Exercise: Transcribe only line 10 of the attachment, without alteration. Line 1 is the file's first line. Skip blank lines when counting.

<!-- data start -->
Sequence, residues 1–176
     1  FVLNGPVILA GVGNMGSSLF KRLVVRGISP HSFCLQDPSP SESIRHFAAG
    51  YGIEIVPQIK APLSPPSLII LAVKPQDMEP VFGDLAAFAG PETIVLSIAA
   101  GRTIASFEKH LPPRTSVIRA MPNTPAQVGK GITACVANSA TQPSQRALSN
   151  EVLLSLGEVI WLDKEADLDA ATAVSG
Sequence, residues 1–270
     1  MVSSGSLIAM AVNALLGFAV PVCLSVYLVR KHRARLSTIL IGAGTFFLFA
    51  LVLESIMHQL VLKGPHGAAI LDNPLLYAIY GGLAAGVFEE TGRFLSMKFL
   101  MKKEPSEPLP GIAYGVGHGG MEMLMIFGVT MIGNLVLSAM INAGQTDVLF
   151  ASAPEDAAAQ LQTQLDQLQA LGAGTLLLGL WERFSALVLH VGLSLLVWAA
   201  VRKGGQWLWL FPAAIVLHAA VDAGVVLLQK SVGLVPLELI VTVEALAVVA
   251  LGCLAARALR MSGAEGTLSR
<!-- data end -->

   151  ASAPEDAAAQ LQTQLDQLQA LGAGTLLLGL WERFSALVLH VGLSLLVWAA